Federal Reserve Chairman Jerome Powell said that stronger-than-expected economic data in recent months means that the central bank is likely to need to raise interest rates higher than previously anticipated.
“Although inflation has been moderating in recent months, the process of getting inflation back down to 2 percent has a long way to go and is likely to be bumpy,” Powell said in prepared testimony before the Senate Banking Committee on Tuesday. “As I mentioned, the latest economic data have come in stronger than expected, which suggests that the ultimate level of interest rates is likely to be higher than previously anticipated.”
Powell added that the pace of the Fed’s hikes might need to accelerate if the economic data continues to come in hot.
“If the totality of the data were to indicate that faster tightening is warranted, we would be prepared to increase the pace of rate hikes. Restoring price stability will likely require that we maintain a restrictive stance of monetary policy for some time,” Powell said.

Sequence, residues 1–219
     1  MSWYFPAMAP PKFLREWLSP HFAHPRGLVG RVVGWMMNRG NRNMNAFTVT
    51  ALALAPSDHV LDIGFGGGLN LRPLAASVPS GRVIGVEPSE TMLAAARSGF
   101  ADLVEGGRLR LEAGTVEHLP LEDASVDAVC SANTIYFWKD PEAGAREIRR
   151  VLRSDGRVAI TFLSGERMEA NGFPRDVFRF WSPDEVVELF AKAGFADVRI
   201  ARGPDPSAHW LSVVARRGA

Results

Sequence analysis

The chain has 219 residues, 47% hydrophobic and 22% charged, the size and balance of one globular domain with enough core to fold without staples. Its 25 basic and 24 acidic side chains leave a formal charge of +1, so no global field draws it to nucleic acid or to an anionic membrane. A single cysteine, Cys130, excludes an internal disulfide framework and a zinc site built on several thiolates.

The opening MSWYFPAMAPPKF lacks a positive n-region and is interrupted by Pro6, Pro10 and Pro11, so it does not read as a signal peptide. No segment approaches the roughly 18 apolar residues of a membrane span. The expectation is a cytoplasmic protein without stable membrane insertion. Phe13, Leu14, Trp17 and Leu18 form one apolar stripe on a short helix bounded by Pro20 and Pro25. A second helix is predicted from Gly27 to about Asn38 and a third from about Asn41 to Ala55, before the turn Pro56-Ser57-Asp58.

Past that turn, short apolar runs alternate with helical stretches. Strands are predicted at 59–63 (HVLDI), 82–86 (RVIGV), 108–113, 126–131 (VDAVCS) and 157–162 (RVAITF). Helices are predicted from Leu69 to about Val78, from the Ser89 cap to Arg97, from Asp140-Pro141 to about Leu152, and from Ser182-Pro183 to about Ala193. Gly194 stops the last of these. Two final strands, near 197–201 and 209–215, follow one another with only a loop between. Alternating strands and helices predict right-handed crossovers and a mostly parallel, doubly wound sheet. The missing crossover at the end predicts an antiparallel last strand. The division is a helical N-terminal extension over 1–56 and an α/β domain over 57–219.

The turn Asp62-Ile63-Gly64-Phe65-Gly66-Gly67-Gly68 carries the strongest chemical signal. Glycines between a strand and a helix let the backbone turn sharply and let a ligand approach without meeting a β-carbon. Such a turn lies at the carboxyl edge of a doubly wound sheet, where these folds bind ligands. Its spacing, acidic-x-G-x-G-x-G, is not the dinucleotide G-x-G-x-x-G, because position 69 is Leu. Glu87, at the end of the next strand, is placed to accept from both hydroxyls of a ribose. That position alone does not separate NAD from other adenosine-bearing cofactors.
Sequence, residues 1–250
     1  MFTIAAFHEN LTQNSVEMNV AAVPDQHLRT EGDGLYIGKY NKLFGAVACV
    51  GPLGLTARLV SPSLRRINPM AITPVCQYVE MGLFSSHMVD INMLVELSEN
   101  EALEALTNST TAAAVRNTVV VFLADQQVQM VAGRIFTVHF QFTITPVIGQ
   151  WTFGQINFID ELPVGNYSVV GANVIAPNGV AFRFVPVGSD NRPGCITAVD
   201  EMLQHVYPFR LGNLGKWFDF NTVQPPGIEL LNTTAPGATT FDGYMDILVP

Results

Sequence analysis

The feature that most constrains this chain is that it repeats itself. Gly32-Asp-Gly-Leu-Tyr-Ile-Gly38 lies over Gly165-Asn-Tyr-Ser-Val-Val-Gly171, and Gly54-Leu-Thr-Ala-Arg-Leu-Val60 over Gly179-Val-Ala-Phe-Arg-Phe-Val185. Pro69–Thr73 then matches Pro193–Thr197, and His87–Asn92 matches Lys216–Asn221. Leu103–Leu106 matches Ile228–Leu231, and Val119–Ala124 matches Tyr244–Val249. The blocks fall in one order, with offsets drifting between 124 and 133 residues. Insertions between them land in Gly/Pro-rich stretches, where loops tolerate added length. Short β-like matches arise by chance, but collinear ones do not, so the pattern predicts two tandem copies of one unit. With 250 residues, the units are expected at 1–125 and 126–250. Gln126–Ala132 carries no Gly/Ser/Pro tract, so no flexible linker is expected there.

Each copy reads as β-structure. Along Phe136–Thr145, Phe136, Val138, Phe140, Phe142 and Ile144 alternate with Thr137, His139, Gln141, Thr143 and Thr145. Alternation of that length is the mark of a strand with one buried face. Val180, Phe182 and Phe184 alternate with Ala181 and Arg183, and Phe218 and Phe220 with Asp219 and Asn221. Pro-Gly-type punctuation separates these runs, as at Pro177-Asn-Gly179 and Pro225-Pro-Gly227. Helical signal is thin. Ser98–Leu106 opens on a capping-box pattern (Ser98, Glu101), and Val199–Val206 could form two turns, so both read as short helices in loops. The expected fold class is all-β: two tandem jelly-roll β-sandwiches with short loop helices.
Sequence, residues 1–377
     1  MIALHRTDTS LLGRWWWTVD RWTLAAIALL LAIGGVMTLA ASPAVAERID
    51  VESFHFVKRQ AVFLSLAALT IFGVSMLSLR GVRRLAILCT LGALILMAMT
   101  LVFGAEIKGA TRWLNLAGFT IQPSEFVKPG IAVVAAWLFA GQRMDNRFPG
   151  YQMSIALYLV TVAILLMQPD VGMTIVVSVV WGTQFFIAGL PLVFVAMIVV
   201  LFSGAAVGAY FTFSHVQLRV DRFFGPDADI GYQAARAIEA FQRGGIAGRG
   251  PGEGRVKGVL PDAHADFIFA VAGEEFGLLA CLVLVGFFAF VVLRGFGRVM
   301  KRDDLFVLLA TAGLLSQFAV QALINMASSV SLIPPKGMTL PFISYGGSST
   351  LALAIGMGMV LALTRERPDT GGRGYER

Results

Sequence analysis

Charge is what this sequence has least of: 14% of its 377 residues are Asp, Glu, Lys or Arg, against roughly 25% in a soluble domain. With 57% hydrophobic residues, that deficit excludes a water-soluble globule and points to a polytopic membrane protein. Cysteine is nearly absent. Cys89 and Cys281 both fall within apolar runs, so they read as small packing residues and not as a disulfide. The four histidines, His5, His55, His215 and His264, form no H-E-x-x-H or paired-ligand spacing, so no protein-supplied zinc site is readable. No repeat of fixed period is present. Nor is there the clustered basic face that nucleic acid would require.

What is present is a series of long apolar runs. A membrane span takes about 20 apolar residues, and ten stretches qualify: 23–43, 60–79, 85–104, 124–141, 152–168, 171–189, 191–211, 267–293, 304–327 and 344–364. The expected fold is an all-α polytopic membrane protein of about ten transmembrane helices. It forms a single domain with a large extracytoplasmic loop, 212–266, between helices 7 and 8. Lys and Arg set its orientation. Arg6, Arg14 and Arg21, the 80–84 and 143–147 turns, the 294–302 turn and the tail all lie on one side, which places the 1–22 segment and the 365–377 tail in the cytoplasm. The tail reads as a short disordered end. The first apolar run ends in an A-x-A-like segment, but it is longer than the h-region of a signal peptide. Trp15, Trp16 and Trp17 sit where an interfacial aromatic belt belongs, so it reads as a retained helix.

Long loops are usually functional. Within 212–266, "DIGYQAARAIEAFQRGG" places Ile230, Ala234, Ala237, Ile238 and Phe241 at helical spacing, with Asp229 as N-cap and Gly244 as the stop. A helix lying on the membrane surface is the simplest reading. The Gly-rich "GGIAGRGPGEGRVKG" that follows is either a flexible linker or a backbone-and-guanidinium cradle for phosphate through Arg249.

Powell’s remarks emphasized his often-made argument that restoring price stability is not in conflict with a strong labor market.
“Our policy actions are guided by our dual mandate to promote maximum employment and stable prices. Without price stability, the economy does not work for anyone. In particular, without price stability, we will not achieve a sustained period of labor market conditions that benefit all<” Powell said.
In the near term, however, higher rates are intended to reduce the demand for labor and are expected to raise unemployment.
“To restore price stability, we will need to see lower inflation in this sector, and there will very likely be some softening in labor market conditions,” Powell said.
Powell in on Capitol Hill for the first of two days of testimony to Congress about the economy and monetary policy.